The month of February is devoted to giving our hearts. This makes it the perfect time to give your own heart a hand by reducing your risk of heart disease. Join us as we celebrate American Heart Month and make a promise to yourself to take better care of your heart. Did you know that heart disease is the leading cause of death for both men and women in the United States? Fortunately, it’s also completely preventable by making some lifestyle changes. And be assured that it’s never too late to start taking your heart-health to heart. To lower your risk of heart disease, you can’t beat these heart-smart ideas.
- Eat to Beat Heart Disease
An unhealthy diet can eat away at the health of your heart. Simply enjoying healthier foods can dramatically reduce your risk of developing heart disease. If you think that a heart-smart diet will be pretty hard to swallow, think again. Heart-healthy eating is absolutely delicious. Just fix your meals and fill your plate with a rainbow of fruits and vegetables, whole grains, lower-fat dairy products, lean meats and poultry, fish, nuts and beans. And be sure to choose low-sugar snacks instead of overly-sweet treats. Get a taste of heart-healthy eating and you’ll keep going back for more.
- Shake Off Salt with a Low-Salt Diet
Salt is surprisingly sneaky and hides in more foods than you think. But don’t let the thought of a low-salt diet dash your hopes of enjoying your meals. You just need to make a few simple swaps and some tasty switches. Replace salt with a salt-free substitute. Spice up the flavor of foods with fresh herbs, spices, lemon or vinegar. Choose lower-sodium cheeses or use small amounts of a sharp-flavored cheese. Cut down on condiments, sauces and cured meats like ketchup, mustard, BBQ sauce, sauerkraut, soy sauce, ham, sausage and bacon. Try to eat fewer salty snacks like chips, pretzels, pickles and salted nuts. By giving a low-salt diet a fair shake, you’ll savor a healthier heart.
- Avoid Bad Fats for Good
Let’s chew the fat about fats. While dietary fat is an important part of a healthy diet, you need to know the good from the bad because choosing the right kinds of fats can help reduce your risk for heart disease. The bad guys are known as trans fats and saturated fats. Trans fats are hiding in cookies, cakes, crackers, fried foods, stick margarine, pie crusts and frozen pizzas. Meanwhile, saturated fats lurk in meat products, poultry skin, eggs, high-fat dairy and palm oil. The good guys are the unsaturated fats, which include polyunsaturated fatty acids and monounsaturated fats. Polyunsaturated fats are found in fatty fish, flaxseeds and walnuts. And you’ll find monounsaturated fats in olive oil, canola oil, olives, avocados, nuts and seeds. By swapping these good fats for the bad, you can you lower your cholesterol and decrease your heart disease risk. These are some really good reasons to take bad fats off the table.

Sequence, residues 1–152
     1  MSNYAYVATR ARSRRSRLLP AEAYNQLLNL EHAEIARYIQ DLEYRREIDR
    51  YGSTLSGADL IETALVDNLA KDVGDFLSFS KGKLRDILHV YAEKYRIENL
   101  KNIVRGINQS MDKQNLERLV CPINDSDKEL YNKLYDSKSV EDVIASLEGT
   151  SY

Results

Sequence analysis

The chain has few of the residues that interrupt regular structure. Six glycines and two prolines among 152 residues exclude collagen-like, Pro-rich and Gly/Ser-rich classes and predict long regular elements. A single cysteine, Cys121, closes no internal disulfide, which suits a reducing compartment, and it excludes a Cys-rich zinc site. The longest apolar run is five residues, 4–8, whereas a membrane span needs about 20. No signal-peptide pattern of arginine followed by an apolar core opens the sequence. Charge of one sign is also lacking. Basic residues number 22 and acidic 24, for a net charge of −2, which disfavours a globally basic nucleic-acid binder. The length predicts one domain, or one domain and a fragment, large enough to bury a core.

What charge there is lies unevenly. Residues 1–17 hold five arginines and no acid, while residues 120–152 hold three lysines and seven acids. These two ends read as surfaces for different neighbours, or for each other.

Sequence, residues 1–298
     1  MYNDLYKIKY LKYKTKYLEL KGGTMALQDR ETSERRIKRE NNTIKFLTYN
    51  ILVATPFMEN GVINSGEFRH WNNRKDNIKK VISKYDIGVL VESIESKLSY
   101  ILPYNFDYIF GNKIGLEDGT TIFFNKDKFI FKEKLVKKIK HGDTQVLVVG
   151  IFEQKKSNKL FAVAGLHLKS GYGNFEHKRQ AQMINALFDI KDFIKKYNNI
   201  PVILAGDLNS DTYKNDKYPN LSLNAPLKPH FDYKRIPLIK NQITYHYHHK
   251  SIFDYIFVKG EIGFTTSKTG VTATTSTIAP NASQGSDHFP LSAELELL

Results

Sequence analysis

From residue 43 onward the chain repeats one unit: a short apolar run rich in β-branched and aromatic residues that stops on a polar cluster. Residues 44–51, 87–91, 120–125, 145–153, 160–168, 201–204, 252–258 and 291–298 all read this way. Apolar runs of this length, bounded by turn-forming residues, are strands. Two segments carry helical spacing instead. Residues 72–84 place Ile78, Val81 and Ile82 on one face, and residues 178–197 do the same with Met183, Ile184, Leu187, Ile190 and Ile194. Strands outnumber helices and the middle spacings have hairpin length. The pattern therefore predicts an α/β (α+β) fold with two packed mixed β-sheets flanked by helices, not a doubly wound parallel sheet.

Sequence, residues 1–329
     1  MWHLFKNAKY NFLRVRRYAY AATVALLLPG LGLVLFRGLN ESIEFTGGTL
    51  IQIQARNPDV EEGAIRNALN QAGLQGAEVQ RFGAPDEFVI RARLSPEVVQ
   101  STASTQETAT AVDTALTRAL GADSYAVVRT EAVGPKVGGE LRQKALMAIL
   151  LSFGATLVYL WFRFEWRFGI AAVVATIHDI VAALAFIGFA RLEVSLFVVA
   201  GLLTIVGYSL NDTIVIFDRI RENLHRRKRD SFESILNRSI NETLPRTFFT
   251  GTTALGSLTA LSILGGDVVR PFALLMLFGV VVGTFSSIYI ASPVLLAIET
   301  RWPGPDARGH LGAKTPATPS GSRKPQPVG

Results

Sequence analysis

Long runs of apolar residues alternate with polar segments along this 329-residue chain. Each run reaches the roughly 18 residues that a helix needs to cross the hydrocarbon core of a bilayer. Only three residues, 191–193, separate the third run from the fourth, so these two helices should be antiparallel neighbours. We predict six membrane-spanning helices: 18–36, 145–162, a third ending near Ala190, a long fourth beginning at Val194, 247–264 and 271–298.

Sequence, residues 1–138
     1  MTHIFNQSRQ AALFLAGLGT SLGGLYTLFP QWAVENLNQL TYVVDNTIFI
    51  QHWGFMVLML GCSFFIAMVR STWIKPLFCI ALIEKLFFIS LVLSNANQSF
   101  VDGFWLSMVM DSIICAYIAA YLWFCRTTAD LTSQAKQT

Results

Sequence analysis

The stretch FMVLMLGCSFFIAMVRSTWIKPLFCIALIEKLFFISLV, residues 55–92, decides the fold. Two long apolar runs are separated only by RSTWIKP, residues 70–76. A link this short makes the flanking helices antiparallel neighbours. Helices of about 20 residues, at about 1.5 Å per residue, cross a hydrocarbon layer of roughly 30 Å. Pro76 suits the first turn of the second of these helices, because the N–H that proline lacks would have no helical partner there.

- Move More
Along with trimming down your body and bringing down your blood pressure, physical activity will help shape up your heart. While even just 15 minutes of light exercise a day can help lower your risk of heart disease, aim for at least 30 minutes of moderate activity five times a week. Be sure to select an activity you enjoy, such as walking, jogging, biking, tennis or dancing. To help you stay accountable and make exercise more social, sign up for a class or ask a friend to join you. No matter how you choose to be active, your workout will work out to a much healthier heart.
- Stop Smoking...No Ifs, Ands or “Butts”
Don’t let your heart health go up in smoke. Medical experts warn that smoking greatly increases your risk of heart disease. If you’re a smoker, the best thing to do for both your heart and your health is quit. As soon as you break the bad habit, you’ll start to lower your risk of heart disease. Whether you smoke or not, it's also very important to avoid second-hand smoke—someone else’s habit can do damage to your health.
Celebrate American Heart Month by putting your heart into your health and using these healthy tips to protect yourself from heart disease.